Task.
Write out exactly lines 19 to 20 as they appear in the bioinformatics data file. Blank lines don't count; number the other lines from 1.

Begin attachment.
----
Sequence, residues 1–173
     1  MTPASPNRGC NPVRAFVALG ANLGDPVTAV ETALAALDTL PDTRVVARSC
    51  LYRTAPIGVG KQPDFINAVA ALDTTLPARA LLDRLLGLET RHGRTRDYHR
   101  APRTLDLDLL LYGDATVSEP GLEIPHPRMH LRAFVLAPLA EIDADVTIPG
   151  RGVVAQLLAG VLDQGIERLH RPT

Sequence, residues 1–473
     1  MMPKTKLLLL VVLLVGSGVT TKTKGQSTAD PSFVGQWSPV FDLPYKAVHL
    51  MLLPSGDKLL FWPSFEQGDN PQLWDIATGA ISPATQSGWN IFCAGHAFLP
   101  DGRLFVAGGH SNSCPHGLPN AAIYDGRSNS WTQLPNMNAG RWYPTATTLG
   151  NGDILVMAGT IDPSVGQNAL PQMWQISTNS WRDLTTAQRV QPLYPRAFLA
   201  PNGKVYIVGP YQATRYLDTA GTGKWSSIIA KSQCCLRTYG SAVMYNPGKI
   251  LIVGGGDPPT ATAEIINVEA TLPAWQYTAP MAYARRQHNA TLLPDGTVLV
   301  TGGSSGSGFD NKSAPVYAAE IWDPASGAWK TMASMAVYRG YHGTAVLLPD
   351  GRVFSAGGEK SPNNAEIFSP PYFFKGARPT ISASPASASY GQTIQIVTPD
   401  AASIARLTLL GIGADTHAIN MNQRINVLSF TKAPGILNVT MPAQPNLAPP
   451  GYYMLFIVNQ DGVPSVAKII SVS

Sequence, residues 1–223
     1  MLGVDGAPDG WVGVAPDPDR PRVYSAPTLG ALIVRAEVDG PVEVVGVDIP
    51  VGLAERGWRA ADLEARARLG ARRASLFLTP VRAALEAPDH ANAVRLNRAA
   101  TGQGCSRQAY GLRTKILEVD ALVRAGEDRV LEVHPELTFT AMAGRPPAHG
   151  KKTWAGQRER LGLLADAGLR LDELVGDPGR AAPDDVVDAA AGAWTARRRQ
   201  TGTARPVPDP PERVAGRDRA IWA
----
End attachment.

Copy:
    51  VGLAERGWRA ADLEARARLG ARRASLFLTP VRAALEAPDH ANAVRLNRAA
   101  TGQGCSRQAY GLRTKILEVD ALVRAGEDRV LEVHPELTFT AMAGRPPAHG